3. There are two major types of debt crises—deflationary and inflationary—with the inflationary ones typically occurring in countries that have significant debt dominated in foreign currency. The template explains how both types transpire.

4. Most debt crises can be well-managed if 1) the debts denominated in one’s own currency and 2) the policy makers both know how to handle the crisis and have the authority to do so. As I write in the book: “Managing debt crises is all about spreading out the pain of the bad debts, and this can almost always be done well if one’s debts are in one’s own currency. The biggest risks are typically not from the debts themselves, but from the failure of policy makers to do the right things due to a lack of knowledge and/or lack of authority.”

5. There are four ways of managing debt crises to produce a deleveraging. They are:

  • Austerity
  • Printing money to stimulate the economy
  • Debt defaults/restructuring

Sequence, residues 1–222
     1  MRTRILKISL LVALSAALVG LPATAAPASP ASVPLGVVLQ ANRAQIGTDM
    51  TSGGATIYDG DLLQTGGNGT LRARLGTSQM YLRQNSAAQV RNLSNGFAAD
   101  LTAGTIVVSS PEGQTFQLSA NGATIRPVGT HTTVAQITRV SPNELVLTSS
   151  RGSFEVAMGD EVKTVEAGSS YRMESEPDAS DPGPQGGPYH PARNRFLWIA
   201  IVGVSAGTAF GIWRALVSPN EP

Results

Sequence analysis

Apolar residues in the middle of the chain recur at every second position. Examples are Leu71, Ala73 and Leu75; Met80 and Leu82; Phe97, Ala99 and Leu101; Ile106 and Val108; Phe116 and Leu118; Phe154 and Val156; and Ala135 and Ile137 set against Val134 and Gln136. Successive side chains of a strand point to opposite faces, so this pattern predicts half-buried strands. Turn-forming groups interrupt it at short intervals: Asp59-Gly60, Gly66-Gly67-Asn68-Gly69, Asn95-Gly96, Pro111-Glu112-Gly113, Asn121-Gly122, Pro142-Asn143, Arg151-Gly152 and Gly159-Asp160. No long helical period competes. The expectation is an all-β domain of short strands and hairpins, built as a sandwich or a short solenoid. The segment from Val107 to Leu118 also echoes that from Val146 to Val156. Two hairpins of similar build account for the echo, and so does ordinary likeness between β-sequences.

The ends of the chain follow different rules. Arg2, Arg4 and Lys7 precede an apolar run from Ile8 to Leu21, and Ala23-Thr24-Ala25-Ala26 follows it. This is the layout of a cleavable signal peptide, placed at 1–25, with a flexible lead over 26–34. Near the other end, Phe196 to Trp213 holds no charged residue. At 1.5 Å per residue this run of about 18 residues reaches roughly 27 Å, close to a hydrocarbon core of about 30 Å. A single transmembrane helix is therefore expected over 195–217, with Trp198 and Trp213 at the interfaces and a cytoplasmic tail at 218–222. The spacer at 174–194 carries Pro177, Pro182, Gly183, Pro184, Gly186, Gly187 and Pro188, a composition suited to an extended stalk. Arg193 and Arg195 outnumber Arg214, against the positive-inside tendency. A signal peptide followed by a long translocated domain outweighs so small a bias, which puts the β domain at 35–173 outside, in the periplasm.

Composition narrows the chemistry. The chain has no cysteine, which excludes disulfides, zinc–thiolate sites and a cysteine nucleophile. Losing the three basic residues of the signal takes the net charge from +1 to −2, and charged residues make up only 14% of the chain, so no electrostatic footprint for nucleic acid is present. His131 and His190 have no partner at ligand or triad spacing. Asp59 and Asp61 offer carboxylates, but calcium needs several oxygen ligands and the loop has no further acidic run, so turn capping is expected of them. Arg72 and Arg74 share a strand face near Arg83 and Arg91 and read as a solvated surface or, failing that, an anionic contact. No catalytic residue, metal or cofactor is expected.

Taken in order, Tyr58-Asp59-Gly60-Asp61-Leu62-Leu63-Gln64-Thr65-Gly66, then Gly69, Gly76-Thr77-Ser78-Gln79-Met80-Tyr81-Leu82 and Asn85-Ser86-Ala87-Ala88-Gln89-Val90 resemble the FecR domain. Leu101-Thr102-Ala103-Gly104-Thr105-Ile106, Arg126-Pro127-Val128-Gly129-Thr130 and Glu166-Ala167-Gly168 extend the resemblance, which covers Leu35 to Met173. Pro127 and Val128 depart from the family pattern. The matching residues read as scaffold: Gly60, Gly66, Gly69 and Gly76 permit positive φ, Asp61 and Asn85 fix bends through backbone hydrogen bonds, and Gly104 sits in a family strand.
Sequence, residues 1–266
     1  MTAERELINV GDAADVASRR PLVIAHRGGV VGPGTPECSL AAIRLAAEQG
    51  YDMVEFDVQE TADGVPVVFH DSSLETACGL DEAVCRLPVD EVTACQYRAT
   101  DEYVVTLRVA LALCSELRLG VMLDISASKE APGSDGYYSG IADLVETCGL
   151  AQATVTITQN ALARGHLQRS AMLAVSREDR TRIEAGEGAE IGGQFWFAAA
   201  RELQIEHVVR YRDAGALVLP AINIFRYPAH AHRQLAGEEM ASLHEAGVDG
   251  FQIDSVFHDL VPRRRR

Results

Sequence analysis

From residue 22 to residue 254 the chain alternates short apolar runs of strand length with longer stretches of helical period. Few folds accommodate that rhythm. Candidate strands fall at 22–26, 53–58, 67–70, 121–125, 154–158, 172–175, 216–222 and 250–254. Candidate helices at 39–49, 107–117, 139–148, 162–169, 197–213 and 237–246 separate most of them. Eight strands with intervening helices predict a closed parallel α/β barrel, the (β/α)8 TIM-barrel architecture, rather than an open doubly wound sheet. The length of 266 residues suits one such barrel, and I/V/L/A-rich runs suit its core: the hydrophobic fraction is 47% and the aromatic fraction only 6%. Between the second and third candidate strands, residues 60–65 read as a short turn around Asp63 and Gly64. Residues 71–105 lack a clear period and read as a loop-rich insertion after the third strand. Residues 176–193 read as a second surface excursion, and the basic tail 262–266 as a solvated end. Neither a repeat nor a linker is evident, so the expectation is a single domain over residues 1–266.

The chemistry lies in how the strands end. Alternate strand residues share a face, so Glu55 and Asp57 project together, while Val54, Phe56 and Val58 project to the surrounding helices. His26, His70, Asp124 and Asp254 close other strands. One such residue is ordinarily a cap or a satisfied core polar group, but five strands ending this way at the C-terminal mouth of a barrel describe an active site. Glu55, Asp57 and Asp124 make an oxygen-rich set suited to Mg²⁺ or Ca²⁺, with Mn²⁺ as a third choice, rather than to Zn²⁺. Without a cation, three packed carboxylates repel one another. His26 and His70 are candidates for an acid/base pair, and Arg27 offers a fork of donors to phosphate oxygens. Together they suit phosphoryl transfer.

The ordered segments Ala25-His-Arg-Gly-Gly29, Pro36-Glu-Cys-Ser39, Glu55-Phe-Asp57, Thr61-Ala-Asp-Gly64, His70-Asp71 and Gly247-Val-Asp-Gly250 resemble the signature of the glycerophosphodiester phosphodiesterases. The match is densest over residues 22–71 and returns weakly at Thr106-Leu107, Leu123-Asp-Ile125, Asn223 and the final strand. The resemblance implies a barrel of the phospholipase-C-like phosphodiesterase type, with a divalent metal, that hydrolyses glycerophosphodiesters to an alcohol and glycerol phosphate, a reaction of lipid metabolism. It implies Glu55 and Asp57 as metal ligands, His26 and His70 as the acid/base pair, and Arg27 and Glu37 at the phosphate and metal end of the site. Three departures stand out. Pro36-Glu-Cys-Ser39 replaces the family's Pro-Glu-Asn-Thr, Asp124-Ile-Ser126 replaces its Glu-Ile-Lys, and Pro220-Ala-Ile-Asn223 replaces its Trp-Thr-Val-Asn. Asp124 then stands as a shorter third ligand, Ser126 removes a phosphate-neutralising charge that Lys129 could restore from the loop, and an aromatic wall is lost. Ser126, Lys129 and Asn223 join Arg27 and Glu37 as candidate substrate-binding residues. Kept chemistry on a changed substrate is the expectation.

• Wealth redistribution

6. The way to manage a debt crisis well so there is a “beautiful deleveraging” (i.e. a deleveraging in which debt burdens go down at the same time as economic growth is positive and inflation is not a problem) is to balance these paths so that the deflationary forces balance with the inflationary ones.

7. In general, central bankers could do better jobs of smoothing the cycles and preventing big debt crises if, rather than having a single mandate to control inflation or a dual mandate to control inflation and growth, they have a three-part mandate that includes preventing investment bubbles by curtailing the excess debt growth that is funding them.